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What Does It Mean For Tom Brady's Legacy if Blaine Gabbert is a Capable Starter in Tampa Bay?

Stephen Douglas
Tampa Bay Buccaneers v Los Angeles Rams
Tampa Bay Buccaneers v Los Angeles Rams / Harry How/GettyImages
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When a Hall of Fame quarterback retires (or moves to Florida) teams are found in awkward situations. This year the Pittsburgh Steelers and Tampa Bay Buccaneers are facing the unenviable task of replacing such players. The Steelers seem ready to turn to Mason Rudolph, which has some fans visibly upset. The Bucs are apparently following the same playbook as head coach Bruce Arians has thrown his support behind Blaine Gabbert.

Via the Tampa Bay Times:

“People may not like the overall record, but Blaine had eight head coaches and eight coordinators his first eight years,” Arians said. “He beat Jacksonville their best year and beat Tennessee their big year for us in Arizona. And he’s been in the system now. I don’t have a problem there and let Kyle continue to grow. Either one. (Gabbert) has never played with a team this good. He’s got all the respect in the locker room that he can have.”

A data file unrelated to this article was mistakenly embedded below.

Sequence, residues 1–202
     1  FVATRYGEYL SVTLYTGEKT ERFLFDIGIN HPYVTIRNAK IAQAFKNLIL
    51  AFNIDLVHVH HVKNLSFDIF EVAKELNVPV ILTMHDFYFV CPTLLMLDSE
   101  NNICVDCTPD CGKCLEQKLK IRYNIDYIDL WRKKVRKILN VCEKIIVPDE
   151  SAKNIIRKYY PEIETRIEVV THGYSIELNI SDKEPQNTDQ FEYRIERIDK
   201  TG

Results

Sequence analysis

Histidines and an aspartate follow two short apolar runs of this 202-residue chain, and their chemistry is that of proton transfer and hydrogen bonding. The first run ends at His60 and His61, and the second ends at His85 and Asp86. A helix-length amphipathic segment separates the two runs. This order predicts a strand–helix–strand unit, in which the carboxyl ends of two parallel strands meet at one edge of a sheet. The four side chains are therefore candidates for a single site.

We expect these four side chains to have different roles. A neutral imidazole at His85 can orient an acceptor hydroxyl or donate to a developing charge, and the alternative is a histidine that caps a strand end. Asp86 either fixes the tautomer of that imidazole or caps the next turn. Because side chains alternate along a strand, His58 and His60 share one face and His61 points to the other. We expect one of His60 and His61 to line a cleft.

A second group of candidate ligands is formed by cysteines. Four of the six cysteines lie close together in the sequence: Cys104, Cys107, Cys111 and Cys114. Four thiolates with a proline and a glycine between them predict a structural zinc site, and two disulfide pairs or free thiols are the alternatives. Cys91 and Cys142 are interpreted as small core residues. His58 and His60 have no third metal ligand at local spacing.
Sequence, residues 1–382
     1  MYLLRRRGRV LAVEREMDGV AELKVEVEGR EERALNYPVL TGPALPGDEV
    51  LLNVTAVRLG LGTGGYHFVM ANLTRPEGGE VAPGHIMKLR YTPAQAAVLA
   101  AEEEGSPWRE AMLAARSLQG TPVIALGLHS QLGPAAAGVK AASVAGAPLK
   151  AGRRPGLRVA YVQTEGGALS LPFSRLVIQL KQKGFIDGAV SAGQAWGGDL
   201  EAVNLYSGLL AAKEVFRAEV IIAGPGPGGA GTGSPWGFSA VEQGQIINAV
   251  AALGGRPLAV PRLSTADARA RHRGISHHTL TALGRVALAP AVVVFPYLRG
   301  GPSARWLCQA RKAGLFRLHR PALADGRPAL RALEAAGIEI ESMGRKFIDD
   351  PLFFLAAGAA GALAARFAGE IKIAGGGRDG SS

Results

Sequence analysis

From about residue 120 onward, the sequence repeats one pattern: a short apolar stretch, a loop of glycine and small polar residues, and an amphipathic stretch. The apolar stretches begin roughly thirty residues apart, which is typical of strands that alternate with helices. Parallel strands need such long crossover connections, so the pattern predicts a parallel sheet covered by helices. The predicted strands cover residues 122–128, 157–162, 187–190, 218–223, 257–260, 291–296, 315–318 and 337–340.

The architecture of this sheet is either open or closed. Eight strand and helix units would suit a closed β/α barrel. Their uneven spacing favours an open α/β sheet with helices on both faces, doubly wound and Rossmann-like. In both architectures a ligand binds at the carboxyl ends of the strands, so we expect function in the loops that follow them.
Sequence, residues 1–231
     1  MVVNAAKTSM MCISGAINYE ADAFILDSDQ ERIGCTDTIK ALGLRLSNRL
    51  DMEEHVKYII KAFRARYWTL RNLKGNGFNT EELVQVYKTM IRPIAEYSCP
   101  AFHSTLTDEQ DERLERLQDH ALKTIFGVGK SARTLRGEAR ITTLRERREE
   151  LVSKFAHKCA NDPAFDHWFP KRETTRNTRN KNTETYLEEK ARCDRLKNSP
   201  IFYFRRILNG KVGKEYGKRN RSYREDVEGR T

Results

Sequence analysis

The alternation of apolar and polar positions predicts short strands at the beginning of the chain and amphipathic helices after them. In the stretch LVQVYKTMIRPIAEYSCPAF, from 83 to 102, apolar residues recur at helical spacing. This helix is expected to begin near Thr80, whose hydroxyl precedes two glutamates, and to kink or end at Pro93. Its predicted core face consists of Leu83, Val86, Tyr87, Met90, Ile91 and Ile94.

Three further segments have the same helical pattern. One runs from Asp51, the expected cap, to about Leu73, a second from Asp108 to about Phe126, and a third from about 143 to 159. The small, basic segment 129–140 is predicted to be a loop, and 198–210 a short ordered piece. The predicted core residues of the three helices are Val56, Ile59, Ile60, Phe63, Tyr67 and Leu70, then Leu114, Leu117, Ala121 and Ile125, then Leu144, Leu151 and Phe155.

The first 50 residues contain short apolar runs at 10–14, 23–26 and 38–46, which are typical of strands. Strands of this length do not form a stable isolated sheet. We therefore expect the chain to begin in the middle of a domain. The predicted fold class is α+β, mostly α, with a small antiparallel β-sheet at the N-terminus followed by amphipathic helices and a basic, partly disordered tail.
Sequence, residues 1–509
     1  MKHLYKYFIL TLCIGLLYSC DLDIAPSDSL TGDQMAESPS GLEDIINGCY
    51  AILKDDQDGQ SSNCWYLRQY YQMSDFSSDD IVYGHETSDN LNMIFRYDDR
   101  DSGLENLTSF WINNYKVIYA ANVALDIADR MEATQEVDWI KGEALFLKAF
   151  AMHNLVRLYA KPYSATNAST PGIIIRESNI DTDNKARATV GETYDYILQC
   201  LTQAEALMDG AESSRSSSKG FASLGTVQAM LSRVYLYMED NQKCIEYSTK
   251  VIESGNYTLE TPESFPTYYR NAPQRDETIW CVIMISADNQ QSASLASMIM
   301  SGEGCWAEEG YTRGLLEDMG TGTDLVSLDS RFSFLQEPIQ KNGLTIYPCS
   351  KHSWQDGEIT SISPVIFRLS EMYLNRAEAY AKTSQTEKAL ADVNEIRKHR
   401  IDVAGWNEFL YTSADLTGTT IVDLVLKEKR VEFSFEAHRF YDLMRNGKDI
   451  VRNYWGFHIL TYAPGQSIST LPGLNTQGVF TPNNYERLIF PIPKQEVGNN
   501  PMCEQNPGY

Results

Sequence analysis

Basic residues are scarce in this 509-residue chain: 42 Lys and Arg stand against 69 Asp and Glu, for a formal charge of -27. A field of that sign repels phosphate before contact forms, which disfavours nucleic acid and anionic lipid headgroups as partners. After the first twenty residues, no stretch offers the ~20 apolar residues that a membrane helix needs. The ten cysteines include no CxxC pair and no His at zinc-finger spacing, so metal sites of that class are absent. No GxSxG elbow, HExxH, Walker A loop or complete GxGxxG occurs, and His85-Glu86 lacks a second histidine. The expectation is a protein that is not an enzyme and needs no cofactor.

That overall record Arians is referring to is 13-35. Gabbert has played for five franchises in ten seasons to amass that very bad overall record. Most of those teams have been bad, so it is kind of unfair to put all those losses on Gabbert. And if Gabbert was so bad, surely he wouldn't have gotten all these chances, right?

If Gabbert is actually good and was just stuck on bad to middling teams for a decade, that's bad luck. And inheriting the team that won the Super Bowl 13 months ago and won 13 games last season should be very good for Gabbert.

So if Bruce Arians is optimistic, why shouldn't everyone be? It sure would be a shame if the Bucs continued their high level of play with Blaine Gabbert under center, thus giving everyone reason to question how good Tom Brady really was these last couple seasons.

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